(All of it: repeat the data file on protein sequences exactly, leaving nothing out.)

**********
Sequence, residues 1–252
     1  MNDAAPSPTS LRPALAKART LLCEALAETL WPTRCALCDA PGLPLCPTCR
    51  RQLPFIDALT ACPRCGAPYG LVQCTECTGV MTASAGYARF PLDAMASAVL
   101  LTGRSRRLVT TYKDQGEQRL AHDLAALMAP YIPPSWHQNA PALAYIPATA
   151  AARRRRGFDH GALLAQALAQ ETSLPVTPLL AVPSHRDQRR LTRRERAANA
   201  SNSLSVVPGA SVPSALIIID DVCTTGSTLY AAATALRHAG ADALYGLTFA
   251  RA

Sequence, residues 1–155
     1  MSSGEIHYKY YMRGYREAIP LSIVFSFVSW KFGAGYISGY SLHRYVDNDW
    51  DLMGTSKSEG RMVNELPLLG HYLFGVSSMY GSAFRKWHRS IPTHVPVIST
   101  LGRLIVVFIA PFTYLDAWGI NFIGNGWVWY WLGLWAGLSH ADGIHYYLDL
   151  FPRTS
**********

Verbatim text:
Sequence, residues 1–252
     1  MNDAAPSPTS LRPALAKART LLCEALAETL WPTRCALCDA PGLPLCPTCR
    51  RQLPFIDALT ACPRCGAPYG LVQCTECTGV MTASAGYARF PLDAMASAVL
   101  LTGRSRRLVT TYKDQGEQRL AHDLAALMAP YIPPSWHQNA PALAYIPATA
   151  AARRRRGFDH GALLAQALAQ ETSLPVTPLL AVPSHRDQRR LTRRERAANA
   201  SNSLSVVPGA SVPSALIIID DVCTTGSTLY AAATALRHAG ADALYGLTFA
   251  RA

Sequence, residues 1–155
     1  MSSGEIHYKY YMRGYREAIP LSIVFSFVSW KFGAGYISGY SLHRYVDNDW
    51  DLMGTSKSEG RMVNELPLLG HYLFGVSSMY GSAFRKWHRS IPTHVPVIST
   101  LGRLIVVFIA PFTYLDAWGI NFIGNGWVWY WLGLWAGLSH ADGIHYYLDL
   151  FPRTS